The observed decline in average reading achievement is remarkable. Baird and Pane (2019) discussed translating standardized effect sizes into years of learning to make them more interpretable. The average annual reading achievement gains in fourth grade are often considered d = 0.40 with a margin of error of ±0.06 (Hill et al., 2008). Thus, the decline of d = −0.19 means that fourth graders in 2021 are around half a year of learning behind fourth graders in 2016. The decrease of d = −0.14 when controlling for student composition would represent slightly more than 4 months of learning. Note that the effect size of annual literacy gains was not measured directly, and average annual literacy gains vary across studies (e.g., d = 0.29: Ditton and Krüsken, 2009; d = 0.48: Krüsken, 2007), so the half-year or 4-month learning time are not necessarily very precise estimates. Nonetheless, fourth graders in 2021 are substantially behind fourth graders in 2016, even with more conservative estimates. Hence, even though elementary schools implemented a variety of support measures during the COVID-19 pandemic (Huber et al., 2020; Lorenz et al., 2020; Meinck et al., 2022), the results presented here support the concern that younger students were particularly affected by the pandemic schooling situation (see also Tomasik et al., 2020).

Contrary to expectations, we did not find statistically significant effects indicating widening achievement gaps between subgroups of students—here: socio-cultural capital, immigration background, and gender. However, the statistical power for such interaction effects is limited in our study. Our study considered different sources of statistical uncertainty, plausible value variance, sampling variance, and imputation variance, as well as weighting, which imposed a high standard on finding significant changes in achievement gaps. There are recent findings from the German federal state Baden-Württemberg based on an annual population survey suggesting that schools with a large proportion of students with migration background and with lower average socio-cultural capital, respectively, had larger average losses in achievement than other schools (Schult et al., 2022). Therefore, it is likely that studies using larger samples or longitudinal designs can identify significant differences in achievement gaps. Thus, in light of the existing gaps and the low achievement levels of a substantial share of the student population, targeted support measures are clearly necessary. This finding is in line with previous studies (for Germany: Stanat et al., 2019, internationally: Mullis et al., 2017).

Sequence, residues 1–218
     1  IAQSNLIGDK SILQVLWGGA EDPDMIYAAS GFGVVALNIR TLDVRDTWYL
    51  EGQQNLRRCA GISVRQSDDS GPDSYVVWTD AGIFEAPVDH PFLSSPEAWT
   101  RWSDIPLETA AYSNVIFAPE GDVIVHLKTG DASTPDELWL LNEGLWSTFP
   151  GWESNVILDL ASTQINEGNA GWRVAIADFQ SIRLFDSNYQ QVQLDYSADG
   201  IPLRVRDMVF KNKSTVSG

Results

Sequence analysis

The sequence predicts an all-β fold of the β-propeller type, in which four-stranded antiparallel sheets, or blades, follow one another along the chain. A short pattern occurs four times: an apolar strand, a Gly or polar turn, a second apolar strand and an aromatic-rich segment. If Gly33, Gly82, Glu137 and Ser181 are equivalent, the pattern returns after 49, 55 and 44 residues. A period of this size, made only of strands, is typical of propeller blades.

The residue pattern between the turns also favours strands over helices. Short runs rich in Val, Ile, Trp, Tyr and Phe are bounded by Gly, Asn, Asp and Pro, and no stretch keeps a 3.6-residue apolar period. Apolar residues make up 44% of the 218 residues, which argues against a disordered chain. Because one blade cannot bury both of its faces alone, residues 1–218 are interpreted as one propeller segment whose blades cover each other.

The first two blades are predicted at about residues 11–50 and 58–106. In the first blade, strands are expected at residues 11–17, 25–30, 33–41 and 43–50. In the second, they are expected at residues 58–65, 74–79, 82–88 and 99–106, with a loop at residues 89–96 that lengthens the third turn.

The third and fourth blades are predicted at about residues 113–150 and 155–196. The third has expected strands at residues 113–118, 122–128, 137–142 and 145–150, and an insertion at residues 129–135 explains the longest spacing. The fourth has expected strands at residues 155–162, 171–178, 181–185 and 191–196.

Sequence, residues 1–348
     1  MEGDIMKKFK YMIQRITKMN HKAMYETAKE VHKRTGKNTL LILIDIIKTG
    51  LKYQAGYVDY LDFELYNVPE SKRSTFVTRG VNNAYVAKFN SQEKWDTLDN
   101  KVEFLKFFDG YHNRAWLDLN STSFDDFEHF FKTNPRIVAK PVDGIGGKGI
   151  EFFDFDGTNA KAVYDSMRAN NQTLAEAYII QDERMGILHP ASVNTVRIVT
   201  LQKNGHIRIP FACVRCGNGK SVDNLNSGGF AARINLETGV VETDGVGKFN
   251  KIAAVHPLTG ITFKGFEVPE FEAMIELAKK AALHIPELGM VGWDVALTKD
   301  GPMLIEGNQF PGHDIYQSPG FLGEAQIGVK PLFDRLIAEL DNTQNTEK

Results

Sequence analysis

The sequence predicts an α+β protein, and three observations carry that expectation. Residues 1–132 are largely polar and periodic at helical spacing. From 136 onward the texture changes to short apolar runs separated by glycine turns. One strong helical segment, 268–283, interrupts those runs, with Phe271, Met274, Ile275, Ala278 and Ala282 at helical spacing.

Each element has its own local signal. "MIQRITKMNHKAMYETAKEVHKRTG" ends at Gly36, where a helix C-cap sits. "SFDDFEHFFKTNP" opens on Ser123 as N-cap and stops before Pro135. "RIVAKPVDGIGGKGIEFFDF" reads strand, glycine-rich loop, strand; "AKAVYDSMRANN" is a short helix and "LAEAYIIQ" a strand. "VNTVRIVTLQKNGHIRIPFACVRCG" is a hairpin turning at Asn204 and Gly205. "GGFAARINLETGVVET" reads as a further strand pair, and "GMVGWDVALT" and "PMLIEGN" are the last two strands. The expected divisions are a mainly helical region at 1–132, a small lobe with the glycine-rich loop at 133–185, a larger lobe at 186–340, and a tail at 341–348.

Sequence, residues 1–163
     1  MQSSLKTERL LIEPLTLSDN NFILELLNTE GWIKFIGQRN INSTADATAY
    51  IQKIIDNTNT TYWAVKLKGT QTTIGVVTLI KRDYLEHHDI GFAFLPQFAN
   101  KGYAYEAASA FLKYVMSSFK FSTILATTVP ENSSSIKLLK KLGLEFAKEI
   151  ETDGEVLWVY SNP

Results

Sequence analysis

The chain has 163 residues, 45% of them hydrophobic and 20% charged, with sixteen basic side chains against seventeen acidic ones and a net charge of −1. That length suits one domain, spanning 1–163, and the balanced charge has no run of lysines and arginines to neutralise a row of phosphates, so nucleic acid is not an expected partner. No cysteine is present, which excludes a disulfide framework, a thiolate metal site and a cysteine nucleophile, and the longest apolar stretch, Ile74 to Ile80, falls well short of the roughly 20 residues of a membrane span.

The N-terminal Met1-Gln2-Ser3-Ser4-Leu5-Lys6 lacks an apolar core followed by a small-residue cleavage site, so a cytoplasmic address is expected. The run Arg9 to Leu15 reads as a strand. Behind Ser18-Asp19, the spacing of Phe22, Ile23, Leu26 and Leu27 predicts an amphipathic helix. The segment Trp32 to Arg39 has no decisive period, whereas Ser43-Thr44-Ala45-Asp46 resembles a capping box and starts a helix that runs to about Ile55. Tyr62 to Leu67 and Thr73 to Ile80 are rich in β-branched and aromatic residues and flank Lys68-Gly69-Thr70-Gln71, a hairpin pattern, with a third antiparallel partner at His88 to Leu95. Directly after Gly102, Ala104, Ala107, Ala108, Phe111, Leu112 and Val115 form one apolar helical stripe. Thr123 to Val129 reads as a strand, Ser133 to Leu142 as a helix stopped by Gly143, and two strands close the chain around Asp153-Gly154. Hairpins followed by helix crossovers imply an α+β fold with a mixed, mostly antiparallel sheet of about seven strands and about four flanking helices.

Strengths and Limitations

There is a need for empirical evidence on the academic achievement of current student cohorts in order to understand how these students perform compared to their expected achievement in the absence of the COVID-19 pandemic. Our study is one of the first studies worldwide—and the first of its kind in Germany—to apply a rigorous methodology in order to estimate the actual status of students’ reading achievement in elementary schools. The presented analyses are based on a representative sample taking the standardized, well-established PIRLS reading achievement test. In contrast to other comparative studies, we present a school panel analysis. This has the main benefit of holding a number of key variables related to the educational environment, such as general school conditions (e.g., reading curricula) and school location, constant, allowing for a very high degree of comparability. Thus, the instrument and study design enable us to obtain reliable information on developments in achievement over time controlling for student composition as well as evidence on achievement gaps.